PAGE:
No one should be scared to do their job, but the rapid spread of COVID-19 has left service employees around the world deeply concerned about their health at work. In airports and other transportation hubs, in shops, in banks, in healthcare centers, and beyond, public facing service workers are on the front lines of the fight against the virus and are often the most at risk.

With infections now approaching 100,000 people in nearly 90 countries, unions are ensuring that employers provide workers accurate information, robust training, adequate equipment, and paid leave in the event of quarantines or illness. 

“The tragic, disruptive consequences of this outbreak are growing daily, but in country after country, unions are stepping up to protect the safety of not only their members but of their communities. They are holding employers accountable to do their part to prevent the spread of this virus,” said Christy Hoffman UNI Global Union General Secretary. “This means adequate protective equipment and proper training as well as ensuring that sick workers can recover physically while not suffering financially.”

The Italian trade union Filcams CIGL, has negotiated time off and flexible working hours from employers such as Zara, H&M and Carrefour. This means that shop workers can look after their children while many schools are shut down.

The union has also secured a commitment from companies to provide disinfectant for stores and allow hand-cleansing during the day, as well as offering gloves and face masks for workers who want to wear them. Employers have also agreed to consider paid leave for workers, in case of absence due to forced closures.

“As soon as the seriousness of coronavirus became apparent, we wanted to react quickly to help our members,” said Marco Beretta, General Secretary at Filcams CIGL Milan. “Store workers are in public-facing jobs making them vulnerable to catching the virus. At the same time, many of our members are parents, and with schools suddenly closed, we wanted to make sure they were able to look after their children in these exceptional circumstances. Our five-point list of demands has been accepted by all the companies where we have members in Lombardy.”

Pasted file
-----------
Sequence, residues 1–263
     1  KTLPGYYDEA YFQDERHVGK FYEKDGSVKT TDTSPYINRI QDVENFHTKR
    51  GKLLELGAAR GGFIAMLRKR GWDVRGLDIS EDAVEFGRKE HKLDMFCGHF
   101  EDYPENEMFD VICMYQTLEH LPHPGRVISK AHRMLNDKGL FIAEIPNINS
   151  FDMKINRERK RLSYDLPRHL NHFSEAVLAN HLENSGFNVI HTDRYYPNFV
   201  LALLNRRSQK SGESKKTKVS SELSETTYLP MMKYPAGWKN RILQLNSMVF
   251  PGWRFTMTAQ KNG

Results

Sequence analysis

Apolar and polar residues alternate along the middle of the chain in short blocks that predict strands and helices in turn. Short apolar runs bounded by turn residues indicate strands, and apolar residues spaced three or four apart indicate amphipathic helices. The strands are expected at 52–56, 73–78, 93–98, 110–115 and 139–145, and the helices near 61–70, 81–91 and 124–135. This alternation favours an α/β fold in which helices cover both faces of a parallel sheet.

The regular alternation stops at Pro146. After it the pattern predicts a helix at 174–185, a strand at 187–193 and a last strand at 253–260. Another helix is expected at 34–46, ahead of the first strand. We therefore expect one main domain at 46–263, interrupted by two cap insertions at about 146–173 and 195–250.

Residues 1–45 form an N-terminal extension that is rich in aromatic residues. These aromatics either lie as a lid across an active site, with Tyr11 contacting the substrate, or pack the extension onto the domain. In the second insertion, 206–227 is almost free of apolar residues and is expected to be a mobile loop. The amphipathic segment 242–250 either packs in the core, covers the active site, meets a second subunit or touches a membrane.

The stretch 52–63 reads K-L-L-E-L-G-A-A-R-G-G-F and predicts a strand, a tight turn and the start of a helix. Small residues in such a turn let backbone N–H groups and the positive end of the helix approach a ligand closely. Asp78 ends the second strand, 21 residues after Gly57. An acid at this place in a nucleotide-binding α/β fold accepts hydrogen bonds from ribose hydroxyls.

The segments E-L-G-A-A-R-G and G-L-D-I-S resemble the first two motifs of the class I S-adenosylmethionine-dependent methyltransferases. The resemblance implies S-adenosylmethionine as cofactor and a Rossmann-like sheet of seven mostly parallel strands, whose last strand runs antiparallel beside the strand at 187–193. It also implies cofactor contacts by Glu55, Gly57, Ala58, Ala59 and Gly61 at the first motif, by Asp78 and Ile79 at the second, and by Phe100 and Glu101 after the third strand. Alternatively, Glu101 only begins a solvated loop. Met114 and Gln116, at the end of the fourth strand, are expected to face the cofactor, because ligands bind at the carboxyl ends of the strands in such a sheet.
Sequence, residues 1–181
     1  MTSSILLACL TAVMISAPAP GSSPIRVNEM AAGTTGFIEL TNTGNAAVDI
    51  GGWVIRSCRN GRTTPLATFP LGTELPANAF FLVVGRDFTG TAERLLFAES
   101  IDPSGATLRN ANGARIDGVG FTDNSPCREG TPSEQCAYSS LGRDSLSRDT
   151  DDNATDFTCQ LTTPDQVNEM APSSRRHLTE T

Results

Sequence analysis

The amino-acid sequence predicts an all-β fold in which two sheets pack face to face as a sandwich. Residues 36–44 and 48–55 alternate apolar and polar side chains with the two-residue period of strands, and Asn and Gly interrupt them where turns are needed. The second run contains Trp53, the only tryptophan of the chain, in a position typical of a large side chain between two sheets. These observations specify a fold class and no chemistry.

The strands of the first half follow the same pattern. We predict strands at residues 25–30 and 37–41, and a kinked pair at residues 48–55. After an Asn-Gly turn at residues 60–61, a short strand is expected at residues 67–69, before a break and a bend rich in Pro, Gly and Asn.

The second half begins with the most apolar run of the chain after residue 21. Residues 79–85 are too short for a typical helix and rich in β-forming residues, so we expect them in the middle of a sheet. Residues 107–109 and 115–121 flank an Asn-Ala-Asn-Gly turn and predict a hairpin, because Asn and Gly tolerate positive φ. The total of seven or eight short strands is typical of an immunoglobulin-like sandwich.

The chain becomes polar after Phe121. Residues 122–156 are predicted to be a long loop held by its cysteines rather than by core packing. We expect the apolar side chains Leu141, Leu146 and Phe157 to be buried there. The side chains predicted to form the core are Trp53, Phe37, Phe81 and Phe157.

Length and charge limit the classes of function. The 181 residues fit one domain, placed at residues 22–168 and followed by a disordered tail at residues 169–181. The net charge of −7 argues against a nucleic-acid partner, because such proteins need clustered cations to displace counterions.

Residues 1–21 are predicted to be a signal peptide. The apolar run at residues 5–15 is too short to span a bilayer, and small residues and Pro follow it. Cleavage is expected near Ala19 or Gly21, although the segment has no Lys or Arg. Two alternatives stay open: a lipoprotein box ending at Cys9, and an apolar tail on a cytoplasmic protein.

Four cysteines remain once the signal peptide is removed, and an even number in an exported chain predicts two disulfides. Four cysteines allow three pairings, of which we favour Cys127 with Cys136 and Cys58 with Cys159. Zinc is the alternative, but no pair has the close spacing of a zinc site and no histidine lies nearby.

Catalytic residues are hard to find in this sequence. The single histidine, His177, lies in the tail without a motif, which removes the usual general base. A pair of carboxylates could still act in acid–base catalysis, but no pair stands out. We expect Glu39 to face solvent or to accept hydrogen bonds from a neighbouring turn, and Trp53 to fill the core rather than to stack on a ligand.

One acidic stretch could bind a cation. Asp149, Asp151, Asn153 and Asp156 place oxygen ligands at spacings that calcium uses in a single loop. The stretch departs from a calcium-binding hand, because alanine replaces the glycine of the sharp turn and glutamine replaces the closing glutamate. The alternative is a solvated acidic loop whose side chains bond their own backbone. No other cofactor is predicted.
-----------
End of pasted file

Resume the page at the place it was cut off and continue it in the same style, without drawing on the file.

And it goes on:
Also in Italy, workers in one of Amazon’s Milan-area fulfilment centres have tested positive for the virus. The unions on the ground, including Fisascat, are closely monitoring the situation to ensure that the company follows the directives of the country’s public health agencies.

Mary Kay Henry, President of SEIU, the largest healthcare union in the United States, staked her union’s position clearly by saying that: “Working people across the country, including people on the front lines of our healthcare system and airport workers, face an increased risk of exposure to illness — people like Delores Prescott, an acute care nurse from Seattle, and Pedro de Moya, a cabin cleaner who sanitizes restrooms, removes trash and wipes surfaces on airplanes in Miami airport. And employers must have contingency plans for their workplaces should working people see their workplaces closed or scaled back if this emergency grows.”

Mr. de Moya is not the only airport worker on edge because of the virus, and several workers have been demanding better training and equipment to do their job safety and thoroughly.

In the UK, unions are calling out the lack of social protections for gig workers, who would not be able to follow the government’s recommendation to “self-quarantine” for 14-days without work if stricken with symptoms. A representative from the GMB said, “If the government is serious about containing the virus it has to take steps to make sure people are able to self-isolate without the added concern of how they will pay their bills.”

Also in the UK, GMB scored a big win for thousands of workers  this week when  private outsourcing company ISS promised full pay for all health workers self-isolating due to Coronavirus.

In South Korea, the Korean Postal Workers Union are distributing protective equipment to their members, for their safety and for the safety of the public at large. The  Korean Health and Medical Union (KHMU) is also urging the government to take more active measures against the outbreak and demanding protections for medical employees.

“As during many other crises, our affiliates are showing the world that unions are here to promote the general welfare, remove fears, dispel myths and achieve immediate action to protect our communities,” said Christy Hoffman General Secretary of UNI Global Union. “This is not a time for panic but a time for action driven by cooperation and concern for safety—not short-term profits.”